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Looking Ahead: Q&A with AV Luminaries

In April 2008, two AV integration giants consummated a pretty significant merger. Audio Visual Innovations and Signal Perfection Ltd. became AVI-SPL. So it was a fitting time to take stock of the AV industry. A virtual roundtable sheds light on a still-growing market.

GILLENWATER: It's bridging, it's WebEx, it's video-conferencing on your cell phone, it's understanding network QoS [quality of service]. But it's also something else. It's about changing internally how we operate our companies.

We have network experts, people with Nortel and Cisco certifications, all the Polycoms and Tandberg CVEs. And it can't be a case of one person does this or that. You need to have a lot of people who can converse about IT and historic AV technologies. Because a room is not just a codec. There's a lot of endpoints in a room with today's technology. And once it touches a network, you better have someone how understand that network.

LEMKE: I think the industry as a whole is aware of the AV-IT phenomenon, and I'd say some companies have embraced it. Unfortunately not enough companies have taken the steps to be able to create a companywide capacity. This is probably because at the moment we are busy, and when training is offered it's hard to take people out of the field.

But this is shortsighted, especially for any company that is worried about IT companies coming into our industry and taking away work from traditional AV companies. We have the advantage because our companies can learn and partner to be IT-capable much easier that IT companies can learn acoustics, the human factors of communication, and other information that makes the system much more than a bunch of connected boxes.

GOLDIN: There was a relatively slow start to convergence, due to a lack of trained personnel and relatively few products in the AV space that had any significant IT capabilities. Over the last three years, this has changed significantly and we are now on a very steep part of the transition curve.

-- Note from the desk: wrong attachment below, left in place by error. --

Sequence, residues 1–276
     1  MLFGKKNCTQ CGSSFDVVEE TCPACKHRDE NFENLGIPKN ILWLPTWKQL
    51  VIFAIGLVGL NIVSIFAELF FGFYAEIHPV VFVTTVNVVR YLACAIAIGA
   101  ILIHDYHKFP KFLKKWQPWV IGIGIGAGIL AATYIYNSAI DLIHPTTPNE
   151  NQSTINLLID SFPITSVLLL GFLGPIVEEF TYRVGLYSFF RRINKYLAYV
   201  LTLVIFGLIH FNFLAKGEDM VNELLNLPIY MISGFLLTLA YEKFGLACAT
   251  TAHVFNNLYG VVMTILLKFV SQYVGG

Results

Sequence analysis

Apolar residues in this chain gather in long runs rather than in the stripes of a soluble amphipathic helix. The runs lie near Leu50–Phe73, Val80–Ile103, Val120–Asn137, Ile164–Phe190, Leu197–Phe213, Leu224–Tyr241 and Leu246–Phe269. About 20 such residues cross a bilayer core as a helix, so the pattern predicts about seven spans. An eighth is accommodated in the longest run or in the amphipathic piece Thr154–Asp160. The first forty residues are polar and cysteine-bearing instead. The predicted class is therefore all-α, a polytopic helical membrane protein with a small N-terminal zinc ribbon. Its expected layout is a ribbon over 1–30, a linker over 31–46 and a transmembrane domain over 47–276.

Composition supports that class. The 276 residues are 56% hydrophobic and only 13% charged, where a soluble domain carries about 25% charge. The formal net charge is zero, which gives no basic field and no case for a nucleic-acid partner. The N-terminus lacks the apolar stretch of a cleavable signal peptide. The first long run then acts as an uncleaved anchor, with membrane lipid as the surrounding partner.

Most AV systems today use significant technologies originally developed for the IT industry to control and pass information among the AV equipment. In addition, pro AV firms are adding IT experts to their staff and training existing staff in IT integration. Almost every new pro AV product released has an Ethernet port and all VTC systems now incorporate IP VTC in the standard solution. All of this has added up to a significant acceptance of IT technology in the AV space and the leveraging of these technologies to offer expanding integrated AV solutions to the customer.

WILSON: I think we take two steps forward and one back on convergence. The technology is there. The systems can do amazing things and convergence can enhance those systems immensely. However our collective industry story needs to improve. We have to prove why this is a good thing. We have to show ROI to owners and improved quality of life to those who use it. Until we can tell that story effectively, we are only part way there.

ON TECHNOLOGY

PRO AV: People talk about “disruptive technology.” Are there technologies out there in the AV industry that you find particularly disruptive?

WILSON: I thought disruptive technology meant the system didn't work. Just kidding. I think digital signage is certainly disruptive; it has the potential to change not only our industry but also the traditional sign business. Likewise on the security side, biometrics, RFID, and recognition systems change everything. Video surveillance and instant access to stored digital images has huge ramifications in matters such as human rights and basic freedoms.

LEMKE: The big disruption that would fundamentally change everything we do is technology that needs no transducer to change it from digital or mechanical to analog. Right now we are able, through emissive or projected displays, to provide via the eye the information our customers want to communicate. If there were a more “direct connect” we would not need those display devices. The same holds true for audio—the microphone, processing, and speaker technology all focus information on the ear and a “direct connect” gets around the need to change mechanical or digital information into analog sound waves.



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